I like short stories because it is something you can read or listen to and it tells a pretty descent story most of the time many of which are significant in long term ways such as Nathaniel Hawthorn's Young Goodman Brown, but this was one that had a beginning and and ending and was simple because of the curse placed upon a family and it shows that the smallest of things is all that is needed to be forgiven for something wrong that was done generations ago. It did show some hypocrisy and the staunch belief and takeover of a reasonably peaceful path by those who are in it for their own good. It had a good ending and there were parts that were funny in a cute way. I think a lot of people would really like this story regardless of age, education background and spiritual preference. It is a good story and I hope others will agree with me.
If they are horror fans
Sarah becoming Alpha Female; SUBJECT 33 and the doctor; Martin's fate; Lester's fate; what the helicopter pilot said to the General (priceless); the irony of it all; the will to survive and live.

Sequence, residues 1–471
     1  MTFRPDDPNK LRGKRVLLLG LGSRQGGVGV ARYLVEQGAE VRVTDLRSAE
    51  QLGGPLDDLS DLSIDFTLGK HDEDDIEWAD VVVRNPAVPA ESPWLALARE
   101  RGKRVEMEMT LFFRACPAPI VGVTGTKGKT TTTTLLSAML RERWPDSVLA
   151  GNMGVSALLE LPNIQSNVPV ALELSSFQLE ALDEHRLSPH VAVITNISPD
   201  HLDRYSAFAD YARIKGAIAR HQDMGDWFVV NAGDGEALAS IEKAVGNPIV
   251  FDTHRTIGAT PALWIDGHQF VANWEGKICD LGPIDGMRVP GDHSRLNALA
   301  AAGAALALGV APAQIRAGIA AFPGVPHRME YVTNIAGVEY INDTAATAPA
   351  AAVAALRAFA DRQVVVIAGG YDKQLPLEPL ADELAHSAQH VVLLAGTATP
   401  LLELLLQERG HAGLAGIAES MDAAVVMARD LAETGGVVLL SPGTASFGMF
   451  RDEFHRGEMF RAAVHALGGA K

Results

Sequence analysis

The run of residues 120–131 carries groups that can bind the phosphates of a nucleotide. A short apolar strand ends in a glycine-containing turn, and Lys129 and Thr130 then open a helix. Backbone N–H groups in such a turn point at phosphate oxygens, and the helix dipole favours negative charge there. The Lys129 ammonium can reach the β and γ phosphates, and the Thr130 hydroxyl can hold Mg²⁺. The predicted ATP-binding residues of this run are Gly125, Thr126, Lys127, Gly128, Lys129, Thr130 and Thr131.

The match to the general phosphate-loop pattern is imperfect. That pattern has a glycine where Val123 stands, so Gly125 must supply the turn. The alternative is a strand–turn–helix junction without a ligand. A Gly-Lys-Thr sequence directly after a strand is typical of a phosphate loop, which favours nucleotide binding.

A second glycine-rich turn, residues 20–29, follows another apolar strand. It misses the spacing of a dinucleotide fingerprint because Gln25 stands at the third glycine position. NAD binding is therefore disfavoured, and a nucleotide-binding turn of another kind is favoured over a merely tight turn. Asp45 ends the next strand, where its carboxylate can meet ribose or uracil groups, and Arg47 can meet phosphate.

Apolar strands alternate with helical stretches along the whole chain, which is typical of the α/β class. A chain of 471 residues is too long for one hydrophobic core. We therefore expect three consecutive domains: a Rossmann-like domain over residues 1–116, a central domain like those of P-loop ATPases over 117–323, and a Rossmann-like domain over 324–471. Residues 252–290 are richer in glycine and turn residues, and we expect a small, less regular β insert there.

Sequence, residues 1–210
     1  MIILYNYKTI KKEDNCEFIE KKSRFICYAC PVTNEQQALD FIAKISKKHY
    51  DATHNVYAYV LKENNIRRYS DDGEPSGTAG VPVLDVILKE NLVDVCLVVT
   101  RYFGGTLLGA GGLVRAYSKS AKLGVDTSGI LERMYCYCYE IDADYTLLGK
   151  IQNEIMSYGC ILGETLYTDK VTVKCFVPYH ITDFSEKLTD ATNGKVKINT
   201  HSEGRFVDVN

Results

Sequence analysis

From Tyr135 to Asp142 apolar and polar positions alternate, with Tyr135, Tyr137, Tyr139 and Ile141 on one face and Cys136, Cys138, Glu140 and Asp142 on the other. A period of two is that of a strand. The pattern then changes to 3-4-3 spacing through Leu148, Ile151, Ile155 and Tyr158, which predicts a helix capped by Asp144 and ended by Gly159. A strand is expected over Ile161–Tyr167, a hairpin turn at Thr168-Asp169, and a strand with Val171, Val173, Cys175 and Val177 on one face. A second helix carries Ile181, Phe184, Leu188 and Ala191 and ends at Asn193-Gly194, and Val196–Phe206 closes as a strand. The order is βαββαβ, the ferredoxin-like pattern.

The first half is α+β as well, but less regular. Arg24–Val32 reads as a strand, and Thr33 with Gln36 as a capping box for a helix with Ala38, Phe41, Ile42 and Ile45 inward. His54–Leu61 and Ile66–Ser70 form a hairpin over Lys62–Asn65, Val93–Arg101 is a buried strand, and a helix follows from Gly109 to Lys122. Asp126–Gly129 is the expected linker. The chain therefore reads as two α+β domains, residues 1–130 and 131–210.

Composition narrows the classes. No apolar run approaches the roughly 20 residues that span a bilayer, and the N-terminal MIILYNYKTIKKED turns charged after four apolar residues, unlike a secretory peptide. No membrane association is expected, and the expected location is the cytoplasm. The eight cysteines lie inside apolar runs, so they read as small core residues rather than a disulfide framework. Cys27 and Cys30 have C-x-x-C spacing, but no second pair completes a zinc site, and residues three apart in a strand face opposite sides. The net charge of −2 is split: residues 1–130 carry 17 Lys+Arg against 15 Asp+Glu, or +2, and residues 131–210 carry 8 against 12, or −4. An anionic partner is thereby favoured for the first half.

He does them all so well. I know there was mention about some voices being stereotypical, however, I might be willing to agree if the background of the some of the characters were not explained throughout the story. I think it did a great job with the character.
Sarah for sure, and we would talk about taking over the world or at least bringing public attention to something we all know is true regarding gender stereotypes and who the real strength of this world truly is, who is the true survivors of humanity are and we would force the world's nations to value women more, especially in areas where women are subjugated.